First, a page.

candid camera

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English[edit]

Etymology[edit]

Although used as its name, the term predates the long-running American television program Candid Camera (first broadcast in 1948).

Noun[edit]

candid camera (plural candid cameras)

  1. (photography, hyphenated when used attributively) A camera which is concealed or unobtrusive, used to obtain unposed photographs of usually unaware people; the practice of taking such photos.
    • 1937 October 4, "Candid Camera Shots Of College Co-eds Minus Trappings Has Officials Disturbed," Prescott Evening Courier, p. 1 (retrieved 21 Nov 2017):
      A candid camera’s role in higher education, with photographs of co-eds in the nude, commanded public interest today.
    • 1938 October 11, Frederick C. Othman, "Sally Stole My Fan Act, Faith Says," Pittsburgh Press, p. 12 (retrieved 21 Nov 2017):
      Miss Rand . . . is wanted in criminal court to face charges of biting a theater customer who tried to take her picture with a candid camera.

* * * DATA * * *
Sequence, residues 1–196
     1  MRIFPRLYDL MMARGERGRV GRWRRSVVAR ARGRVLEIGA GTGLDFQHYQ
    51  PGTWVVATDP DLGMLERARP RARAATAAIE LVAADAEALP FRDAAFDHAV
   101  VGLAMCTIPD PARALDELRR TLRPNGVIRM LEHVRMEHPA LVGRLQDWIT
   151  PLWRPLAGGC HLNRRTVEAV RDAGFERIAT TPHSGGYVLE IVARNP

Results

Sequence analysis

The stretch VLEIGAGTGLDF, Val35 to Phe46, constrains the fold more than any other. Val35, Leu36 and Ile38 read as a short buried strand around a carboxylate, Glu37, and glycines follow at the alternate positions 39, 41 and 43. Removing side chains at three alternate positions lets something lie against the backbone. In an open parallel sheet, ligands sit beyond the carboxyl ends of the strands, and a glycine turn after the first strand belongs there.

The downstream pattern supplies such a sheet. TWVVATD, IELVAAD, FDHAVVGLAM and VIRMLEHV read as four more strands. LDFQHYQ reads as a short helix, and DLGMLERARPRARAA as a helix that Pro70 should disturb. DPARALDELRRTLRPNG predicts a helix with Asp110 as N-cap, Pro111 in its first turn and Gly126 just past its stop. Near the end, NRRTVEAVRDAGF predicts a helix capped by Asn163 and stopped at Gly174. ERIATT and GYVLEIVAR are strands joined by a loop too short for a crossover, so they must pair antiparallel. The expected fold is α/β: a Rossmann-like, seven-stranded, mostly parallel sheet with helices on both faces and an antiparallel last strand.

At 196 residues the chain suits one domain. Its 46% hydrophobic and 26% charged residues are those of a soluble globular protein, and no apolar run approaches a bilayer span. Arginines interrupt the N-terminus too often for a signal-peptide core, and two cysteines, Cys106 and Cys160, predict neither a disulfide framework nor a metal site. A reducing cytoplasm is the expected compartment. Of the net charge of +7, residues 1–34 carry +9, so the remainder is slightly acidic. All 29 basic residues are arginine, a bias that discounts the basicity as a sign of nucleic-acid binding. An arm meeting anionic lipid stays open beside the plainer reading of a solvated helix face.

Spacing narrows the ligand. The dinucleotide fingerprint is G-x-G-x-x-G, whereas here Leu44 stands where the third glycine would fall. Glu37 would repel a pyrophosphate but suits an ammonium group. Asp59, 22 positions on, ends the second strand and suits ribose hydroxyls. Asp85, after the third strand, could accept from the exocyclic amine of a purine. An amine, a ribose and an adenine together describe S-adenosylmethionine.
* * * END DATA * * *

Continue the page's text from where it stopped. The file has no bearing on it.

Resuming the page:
• 1938 October 14, "Students Hold Short Impromptu Pep Rally," Daily Journal-World (Lawrence, Kansas), p. 5 (retrieved 21 Nov 2017):
      Dorothy Netherton, who with Grace Valentine went to Europe this summer, has more than 400 enlarged candid-camera pictures of scenes taken during the tour.
    • 1954 January 18, "Business Abroad: Camera Comeback," Time (retrieved 21 Nov 2017):
      Last week, after nine years of development work, Zeiss brought out a new camera with which it hopes to regain leadership in the high-quality candid-camera market.
    • 2000 October 7, Stephen Holden, "Film Festival Review: Sparks of Lyrical Meditation Fly From the Cutting Edge," New York Times (retrieved 21 Nov 2017):
      Mr. Dorsky's Arbor Vitae conveys more acute feelings of sadness and ecstasy. . . . Mr. Dorsky's candid camera also catches people rapt in thought.

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